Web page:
I was greatly inspired by Kevin’s story of his coming out to both himself and his family, and the years that transpired as he went through the process of discovering who he was as he eventually found himself in a place that he can truly be happy in. His story inspired me to write my version of the experience. Although vastly different from his- and completely void of religion- it is still the most triumphant moment of my life to date.
Similar to Kevin, I come from an area of the country (Canada in my case) that is more right-winged: Regina, Saskatchewan. I grew up in the north end, where all the boys played hockey: I chose to be a gymnast (my parents actuallygave me the choice between the two). I truly believe that my path to being the gay man I am today started when I was five years old and I felt an affinity for the more graceful side of things versus the macho-istic. But, that’s just forecasting twenty years later.
I too grew up in a house surrounded by a family that loved me and allowed me to grow into the person I wanted to be. They supported me and guided me when I had difficulty with bullies and fitting in with the boys in my classes.
I ran through every emotion in the book throughout my high school years (especially after moving to an even smaller town outside of Kelowna, British Columbia), and I knew things were only going to get tougher before they got easier. I dated girls, all the while being sexually active with boys. I struggled to understand what this meant, but suppressed my feelings by continuing to date girls in an attempt to “become normal” by doing “straight things”. Thankfully, all of the girls I dated through my experimental period respected me enough to understand what I was going through, and still love me to this day.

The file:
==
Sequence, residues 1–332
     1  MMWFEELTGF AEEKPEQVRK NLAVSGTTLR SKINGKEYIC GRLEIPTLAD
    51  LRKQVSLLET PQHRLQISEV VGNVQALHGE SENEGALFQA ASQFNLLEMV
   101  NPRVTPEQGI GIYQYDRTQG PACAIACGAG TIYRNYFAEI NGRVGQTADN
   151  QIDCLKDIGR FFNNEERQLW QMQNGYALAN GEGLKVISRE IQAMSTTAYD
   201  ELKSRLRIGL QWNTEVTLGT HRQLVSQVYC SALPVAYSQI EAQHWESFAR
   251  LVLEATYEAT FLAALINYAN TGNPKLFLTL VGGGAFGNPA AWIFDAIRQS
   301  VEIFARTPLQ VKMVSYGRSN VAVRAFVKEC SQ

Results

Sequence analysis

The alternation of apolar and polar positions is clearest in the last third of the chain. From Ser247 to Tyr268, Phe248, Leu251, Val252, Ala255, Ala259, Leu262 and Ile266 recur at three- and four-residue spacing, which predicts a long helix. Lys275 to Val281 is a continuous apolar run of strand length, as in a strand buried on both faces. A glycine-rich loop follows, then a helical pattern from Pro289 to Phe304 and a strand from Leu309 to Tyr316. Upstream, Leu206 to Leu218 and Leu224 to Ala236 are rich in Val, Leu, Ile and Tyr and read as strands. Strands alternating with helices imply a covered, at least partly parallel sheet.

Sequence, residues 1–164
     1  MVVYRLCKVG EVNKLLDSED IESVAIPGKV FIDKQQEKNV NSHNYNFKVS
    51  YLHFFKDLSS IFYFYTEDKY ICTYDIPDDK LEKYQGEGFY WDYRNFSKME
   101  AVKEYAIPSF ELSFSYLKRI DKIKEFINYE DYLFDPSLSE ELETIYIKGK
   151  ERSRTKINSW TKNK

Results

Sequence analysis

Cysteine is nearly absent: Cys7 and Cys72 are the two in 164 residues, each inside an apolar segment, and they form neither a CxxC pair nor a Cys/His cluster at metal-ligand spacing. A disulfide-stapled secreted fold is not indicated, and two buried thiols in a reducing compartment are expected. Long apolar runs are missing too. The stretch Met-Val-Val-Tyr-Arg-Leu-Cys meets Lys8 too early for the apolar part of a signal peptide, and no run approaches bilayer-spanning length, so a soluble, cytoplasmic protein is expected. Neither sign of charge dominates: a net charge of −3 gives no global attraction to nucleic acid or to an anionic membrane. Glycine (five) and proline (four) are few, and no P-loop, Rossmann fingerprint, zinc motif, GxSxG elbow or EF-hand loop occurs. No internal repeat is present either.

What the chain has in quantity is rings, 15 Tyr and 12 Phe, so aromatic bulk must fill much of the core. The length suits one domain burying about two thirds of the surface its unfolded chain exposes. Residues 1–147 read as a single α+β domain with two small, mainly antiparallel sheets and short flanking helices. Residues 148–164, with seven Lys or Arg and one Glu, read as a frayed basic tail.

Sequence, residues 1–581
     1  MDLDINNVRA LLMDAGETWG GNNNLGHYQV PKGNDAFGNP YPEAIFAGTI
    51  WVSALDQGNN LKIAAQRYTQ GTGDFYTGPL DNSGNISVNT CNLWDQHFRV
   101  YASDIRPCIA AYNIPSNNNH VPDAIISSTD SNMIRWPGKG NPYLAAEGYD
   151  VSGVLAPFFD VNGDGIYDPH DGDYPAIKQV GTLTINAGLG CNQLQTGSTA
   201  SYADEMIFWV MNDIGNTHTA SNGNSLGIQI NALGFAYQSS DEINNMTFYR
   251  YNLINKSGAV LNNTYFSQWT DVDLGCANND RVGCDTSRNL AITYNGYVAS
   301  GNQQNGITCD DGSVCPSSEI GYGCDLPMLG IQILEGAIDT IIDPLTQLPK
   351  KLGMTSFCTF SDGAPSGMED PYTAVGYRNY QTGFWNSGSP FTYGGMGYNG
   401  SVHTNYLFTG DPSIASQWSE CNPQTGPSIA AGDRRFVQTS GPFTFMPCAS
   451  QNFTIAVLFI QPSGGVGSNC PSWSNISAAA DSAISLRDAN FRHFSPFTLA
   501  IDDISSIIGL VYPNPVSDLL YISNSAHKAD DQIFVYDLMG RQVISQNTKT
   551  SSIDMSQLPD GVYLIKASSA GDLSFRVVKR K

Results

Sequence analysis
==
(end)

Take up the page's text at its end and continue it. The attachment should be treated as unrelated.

As for my family, I struggled the most with telling them. My father was loving, but I always had the perception of him being a man among men. Being the high school football captain, and in the army when he was in his prime, his level of manliness was unreachable for me. I felt that my lifestyle would shatter him and ultimately ruin our family dynamic. So, I told my sister first knowing she would understand, and to use as a crutch for support and to determine how my parents would react.
Naturally, my instincts were WAY off, and my parents handled it better than I ever could have imagined. They simply hugged me; told me they still loved me; and, nothing that I could ever do would change that. It’s taken the last few years for me to fully appreciate my parents and everything that they have done for me. Anyone that has ever met them can attest to the nature of their character and what truly amazing people they are; I thought they deserved a little shout out: I love you mom and dad!
All-in-all, coming out was one of the most difficult times of my life, as I slowly realized who I was and spoke about it openly to everyone in my life. I was fortunately blessed with an amazing support system of friends and family who all understood, and accepted me for who I was. I really only had one bad reaction, and I hope she’s reading this to see how I’ve bitch-slapped her on the net! Forgive me!
The final hurdle in my life still awaits: to tell my extended family, which, for some reason, is stressing me out more than any other group of people I’ve had to tell. This is largely due to the closeness of everyone in my family unit, and my feeling of regret for not telling them sooner. If they happen to come across this website, then I apologize in now for the lack of advanced warning! I just hope they understand that I am worried of losing their love and respect, which I know is exactly what every young gay, lesbian, bi-sexual and transgendered youth struggles with before they finally admit to themselves and to others, that they are who they are.
I’m proud of myself, Kevin, and everyone else who has a different, yet oddly similar version of this story. And, I’m proud that I’ve made something of myself.